D800, D300, D50(ir converted), FujiX100, Canon G11, Olympus TG2. Nikon lenses - 24mm 2.8, 35mm 1.8, (5 in all)50mm, 60mm, 85mm 1.8, 105vr, 105 f2.5, 180mm 2.8, 70-200vr1, 24-120vr f4. Tokina 12-24mm, 16-28mm, 28-70mm (angenieux design), 300mm f2.8. Sigma 15mm fisheye. Voigtlander R2 (olive) & R2a, Voigt 35mm 2.5, Zeiss 50mm f/2, Leica 90mm f/4. I know I missed something...
  • Benji2505Benji2505 Posts: 522Member
    After reading all of these comments I think it's easy to say we shoot for the love of photography and make our living elsewhere! :)
    We are successful in our jobs so we can afford a frustrating hobby ...
  • NSXTypeRNSXTypeR Posts: 2,287Member
    Diddly squat, haha.

    I'd probably be one of the worst photographers in the business as I refuse to edit my shots. Okay, I do the occasional crop and white balance adjustment, but that's about it.
    Nikon D7000/ Nikon D40/ Nikon FM2/ 18-135 AF-S/ 35mm 1.8 AF-S/ 105mm Macro AF-S/ 50mm 1.2 AI-S
  • MsmotoMsmoto Posts: 5,398Moderator
    There are a few folks who are making money in the industry. And, some are good sales persons and less blessed with photographic skills. And some are extremely talented photographers. But...

    I attended a presentation by a so called "expert" and before the show I was discussing my experiences years ago, and asked who his clients were.....well, some very big names came up. When i checked his website, the only images were of marginal quality and his client list had no names I had ever heard of. His presentation was mostly smoke and mirrors, almost nothing of any photographic quality. Yet, this individual has workshops where presumably folks pay good money to attend.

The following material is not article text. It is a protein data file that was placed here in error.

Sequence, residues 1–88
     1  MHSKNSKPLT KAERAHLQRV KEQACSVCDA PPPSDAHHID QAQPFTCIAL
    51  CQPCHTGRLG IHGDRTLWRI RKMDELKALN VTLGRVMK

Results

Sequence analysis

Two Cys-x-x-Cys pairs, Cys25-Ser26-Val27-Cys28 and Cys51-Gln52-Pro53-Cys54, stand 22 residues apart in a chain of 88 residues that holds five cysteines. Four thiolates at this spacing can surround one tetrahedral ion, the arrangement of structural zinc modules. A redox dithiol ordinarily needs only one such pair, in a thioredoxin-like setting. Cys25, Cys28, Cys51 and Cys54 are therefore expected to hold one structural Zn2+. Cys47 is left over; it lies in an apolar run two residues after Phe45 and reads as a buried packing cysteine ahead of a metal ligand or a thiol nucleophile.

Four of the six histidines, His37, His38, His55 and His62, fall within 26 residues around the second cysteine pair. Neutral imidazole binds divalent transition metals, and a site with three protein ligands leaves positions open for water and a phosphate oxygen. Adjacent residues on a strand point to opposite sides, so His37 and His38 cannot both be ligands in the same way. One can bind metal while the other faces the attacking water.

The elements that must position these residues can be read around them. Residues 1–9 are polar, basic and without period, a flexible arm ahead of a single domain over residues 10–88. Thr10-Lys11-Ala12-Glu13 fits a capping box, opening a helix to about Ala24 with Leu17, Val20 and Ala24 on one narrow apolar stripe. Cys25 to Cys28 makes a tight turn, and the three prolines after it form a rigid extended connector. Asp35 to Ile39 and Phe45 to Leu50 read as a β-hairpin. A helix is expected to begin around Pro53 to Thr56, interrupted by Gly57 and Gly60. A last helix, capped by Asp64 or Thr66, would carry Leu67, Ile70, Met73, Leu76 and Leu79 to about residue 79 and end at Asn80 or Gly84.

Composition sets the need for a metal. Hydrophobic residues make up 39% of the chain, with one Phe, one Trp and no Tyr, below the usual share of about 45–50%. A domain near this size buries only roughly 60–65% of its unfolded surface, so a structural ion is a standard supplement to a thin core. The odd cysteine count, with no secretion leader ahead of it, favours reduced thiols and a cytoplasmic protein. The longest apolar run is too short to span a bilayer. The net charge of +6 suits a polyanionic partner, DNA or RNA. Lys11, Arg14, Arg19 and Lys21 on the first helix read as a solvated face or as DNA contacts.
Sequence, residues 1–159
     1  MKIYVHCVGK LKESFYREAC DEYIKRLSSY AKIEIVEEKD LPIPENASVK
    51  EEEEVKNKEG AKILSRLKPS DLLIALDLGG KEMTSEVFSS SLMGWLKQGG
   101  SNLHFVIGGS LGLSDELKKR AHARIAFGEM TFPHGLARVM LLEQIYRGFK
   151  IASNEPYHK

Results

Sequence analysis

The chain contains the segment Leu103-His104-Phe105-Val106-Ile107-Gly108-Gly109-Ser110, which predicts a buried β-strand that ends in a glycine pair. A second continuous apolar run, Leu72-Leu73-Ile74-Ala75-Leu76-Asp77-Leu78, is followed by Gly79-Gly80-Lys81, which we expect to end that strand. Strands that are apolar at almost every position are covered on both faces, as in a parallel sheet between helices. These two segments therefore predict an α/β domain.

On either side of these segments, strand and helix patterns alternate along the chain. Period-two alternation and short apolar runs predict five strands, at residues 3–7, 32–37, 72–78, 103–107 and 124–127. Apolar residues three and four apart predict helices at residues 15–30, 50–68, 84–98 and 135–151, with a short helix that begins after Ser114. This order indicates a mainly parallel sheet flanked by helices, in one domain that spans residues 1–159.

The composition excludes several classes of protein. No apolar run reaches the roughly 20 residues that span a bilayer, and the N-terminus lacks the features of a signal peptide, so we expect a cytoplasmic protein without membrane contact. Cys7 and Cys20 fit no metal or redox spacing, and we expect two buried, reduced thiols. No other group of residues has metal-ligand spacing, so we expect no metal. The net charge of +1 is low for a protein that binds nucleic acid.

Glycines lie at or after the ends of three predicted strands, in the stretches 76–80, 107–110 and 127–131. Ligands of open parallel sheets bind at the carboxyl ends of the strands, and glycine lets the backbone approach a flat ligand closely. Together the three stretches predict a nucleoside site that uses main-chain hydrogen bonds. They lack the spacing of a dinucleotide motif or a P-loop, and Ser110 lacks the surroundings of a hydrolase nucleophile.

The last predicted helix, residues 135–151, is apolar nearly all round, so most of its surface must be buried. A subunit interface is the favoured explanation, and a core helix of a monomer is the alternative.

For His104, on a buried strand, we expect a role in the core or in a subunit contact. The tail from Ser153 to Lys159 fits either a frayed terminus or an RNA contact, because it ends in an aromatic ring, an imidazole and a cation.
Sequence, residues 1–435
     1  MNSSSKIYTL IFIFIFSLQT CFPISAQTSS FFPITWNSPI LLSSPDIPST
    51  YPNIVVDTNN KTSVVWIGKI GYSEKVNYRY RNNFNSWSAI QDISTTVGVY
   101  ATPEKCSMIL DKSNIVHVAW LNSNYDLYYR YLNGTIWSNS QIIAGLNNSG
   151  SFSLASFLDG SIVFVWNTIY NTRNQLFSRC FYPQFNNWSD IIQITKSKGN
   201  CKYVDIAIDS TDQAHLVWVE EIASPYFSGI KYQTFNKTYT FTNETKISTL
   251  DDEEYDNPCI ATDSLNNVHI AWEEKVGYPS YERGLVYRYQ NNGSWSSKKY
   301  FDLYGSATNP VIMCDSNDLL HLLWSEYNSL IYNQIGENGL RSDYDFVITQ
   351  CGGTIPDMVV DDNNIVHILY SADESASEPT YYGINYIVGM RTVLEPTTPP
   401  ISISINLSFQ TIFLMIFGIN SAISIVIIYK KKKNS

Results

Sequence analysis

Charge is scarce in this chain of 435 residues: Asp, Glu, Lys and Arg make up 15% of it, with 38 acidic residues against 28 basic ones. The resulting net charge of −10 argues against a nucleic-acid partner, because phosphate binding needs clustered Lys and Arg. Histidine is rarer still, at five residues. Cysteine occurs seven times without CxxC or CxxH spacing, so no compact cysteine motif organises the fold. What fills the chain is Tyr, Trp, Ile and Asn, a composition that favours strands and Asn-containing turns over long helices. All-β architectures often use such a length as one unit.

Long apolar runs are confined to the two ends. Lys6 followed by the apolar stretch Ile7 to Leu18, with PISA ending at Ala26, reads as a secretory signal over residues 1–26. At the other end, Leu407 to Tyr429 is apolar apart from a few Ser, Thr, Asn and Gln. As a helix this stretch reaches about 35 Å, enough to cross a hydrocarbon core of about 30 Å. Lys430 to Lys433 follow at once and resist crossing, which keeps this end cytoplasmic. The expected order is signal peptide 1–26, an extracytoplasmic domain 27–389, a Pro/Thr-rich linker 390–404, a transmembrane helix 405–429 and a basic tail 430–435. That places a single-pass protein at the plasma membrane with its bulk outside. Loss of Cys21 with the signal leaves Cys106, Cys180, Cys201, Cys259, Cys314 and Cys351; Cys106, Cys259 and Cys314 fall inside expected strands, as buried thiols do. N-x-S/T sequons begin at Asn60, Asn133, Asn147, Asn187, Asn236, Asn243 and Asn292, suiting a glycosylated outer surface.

My conclusion is that snake oil is still for sale.
    Msmoto, mod
  • proudgeekproudgeek Posts: 1,422Member
    Not to bash him, but a certain photographer that we all love to hate seems to manage to feed his "growing family" through photography. I've looked at a lot of the stuff on his site and I can think of numerous contributors on NRF whose work is far better. I'd venture to guess that he doesn't make his money selling pictures, but rather from selling advice on how to take pictures.
  • spraynprayspraynpray Posts: 6,545Moderator
    It is the new photography business - telling the hoards of snapper how to get great shots then how to process them followed by how to market them. Seems kinda dumb on one hand, but then what else can you do if there isn't a conventional professional photography business anymore?

    I know a lady who knows right next door to nothing about the technical side of photography (can't un-box and set-up studio lights), she uses her camera in P for professional mode, and yet has blagged the local council into paying her to shoot shots for local tourism.

    It seems 'front' beats skill any day.
    Always learning.
  • sevencrossingsevencrossing Posts: 2,800Member
    edited October 2013
    Not to bash him, but a certain photographer that we all love to hate seems to manage to feed his "growing family" through photography..
    KR does make money from photography; he is professional Blogger who writes about photography.
    Using photography in your profession can certainly pay

    Post edited by sevencrossing on
  • obajobaobajoba Posts: 206Member
    I recently "sold" my first photo to a major wakeboard manufacturer for their 2014 catalog. My compensation was a wakesurf board and travel bag (retail value ~$600.) That aside, I've not made a single dime. So I guess I am about $20k in the red.
    D4 | 70-200 2.8 VR | 24-70 2.8 | TC-17e II